THERE ARE many people who can lay claim to the title of Wales’s best-loved entertainer but, surely, no-one has more right to that title than the mercurial Ryan Davies.
Between 1971 and 1973, with his fame and success already assured in his native Wales, Davies and his comedy partner Ronnie Williams performed for three BBC One television series.
Ryan and Ronnie became star names, not just in Wales but across the whole of the UK, earning for themselves the (probably unwanted, but nevertheless accurate) description of the Welsh Eric and Ernie.
Davies was born in Glanamman on January 22, 1937. After a two-year National Service stint in the RAF he went to Bangor Normal College, followed by the Central School of Speech and Drama in London. Then followed a period of five years working as a primary school teacher in Croydon.
Acting and entertainment were in Davies’s blood, however, and in 1965 he left the school to become a full-time professional actor.
It was not long before his wonderful singing voice and comic talent were finding him work across the country. He also wrote songs and scripts and was soon, after appearing at large-scale events such as the 1966 National Eisteddfod at Aberavon, being regarded as an emerging talent.
His talents were quickly recognised by BBC Wales and he made his name on Welsh language television shows such as the sitcom Fo a Fe.
Davies’s big break came when he teamed up with Cefneithin-born Williams. As a double act they made Welsh language TV shows and performed live at many Welsh venues. As a combination of comedy, singing and light drama, it could not be beaten. When their act was seen by Billy Cotton Jnr, then head of BBC light entertainment, they were commissioned for an English language version of Ryan And Ronnie on BBC One. The shows gave them national exposure.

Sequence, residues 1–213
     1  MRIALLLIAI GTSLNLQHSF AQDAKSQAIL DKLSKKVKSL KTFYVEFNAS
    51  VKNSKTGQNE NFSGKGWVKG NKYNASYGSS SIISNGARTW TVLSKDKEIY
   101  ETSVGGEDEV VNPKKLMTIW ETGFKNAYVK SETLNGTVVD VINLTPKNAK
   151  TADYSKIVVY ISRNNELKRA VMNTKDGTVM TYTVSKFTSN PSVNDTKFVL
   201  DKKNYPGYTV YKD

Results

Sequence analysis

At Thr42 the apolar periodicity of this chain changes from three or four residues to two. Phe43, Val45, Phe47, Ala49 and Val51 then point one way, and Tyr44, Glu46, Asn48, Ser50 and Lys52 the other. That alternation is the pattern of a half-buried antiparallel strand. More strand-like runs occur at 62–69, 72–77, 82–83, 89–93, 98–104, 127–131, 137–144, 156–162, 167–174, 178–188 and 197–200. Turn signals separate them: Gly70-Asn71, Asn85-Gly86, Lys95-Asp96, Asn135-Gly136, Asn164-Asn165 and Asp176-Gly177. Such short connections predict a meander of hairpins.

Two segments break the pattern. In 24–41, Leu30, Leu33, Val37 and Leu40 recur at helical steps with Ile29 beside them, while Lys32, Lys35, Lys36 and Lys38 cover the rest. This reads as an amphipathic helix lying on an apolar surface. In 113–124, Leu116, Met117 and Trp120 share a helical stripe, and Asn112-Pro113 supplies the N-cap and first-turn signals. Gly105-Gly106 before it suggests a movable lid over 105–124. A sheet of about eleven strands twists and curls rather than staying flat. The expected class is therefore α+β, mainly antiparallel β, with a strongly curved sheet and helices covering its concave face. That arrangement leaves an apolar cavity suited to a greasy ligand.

For a long time people had been asking why England, Ireland and Scotland had produced great comedians, but Wales had not done the same. Ryan And Ronnie certainly provided the answer to that conundrum.
The comedy show was well received, three separate series being broadcast in the early 1970s. One of the highlights of each episode was Davies’s portrayal of a ‘typical’ Welsh housewife in a sketch entitled Our House.
Davies played his part of Mam in drag, while Williams appeared as the father, Will, giving rise to the memorable catchphrase “Don’t call Will on your father”. Myfanwy Talog played their daughter, Phyllis Doris, in the spoof soap opera.
The running gag in Our House was that Mam doted on her son, Nigel Wyn (originally played by Derek Boote and later by resident singer Bryn Williams), and forgave him anything, whilst being strict with Phyllis Doris, whom she always addressed as “you brazen hussy”. Both children were played by adults, the former appearing dressed in school uniform.
With its almost surreal humour, Our House achieved an iconic status with its audience, the characters often quoted around Welsh households. On one occasion, the show’s guest star, Ken Dodd, also appeared as a character in Our House.
Recurring characters Blodwen and Mary had their own song, in both the English and Welsh-language shows. An English version of the song was released as a single in 1975.
Their television success also launched them onto the concert and cabaret circuit across Wales. However, after several years of huge success, the duo split in 1975, supposedly due to Williams’ poor health.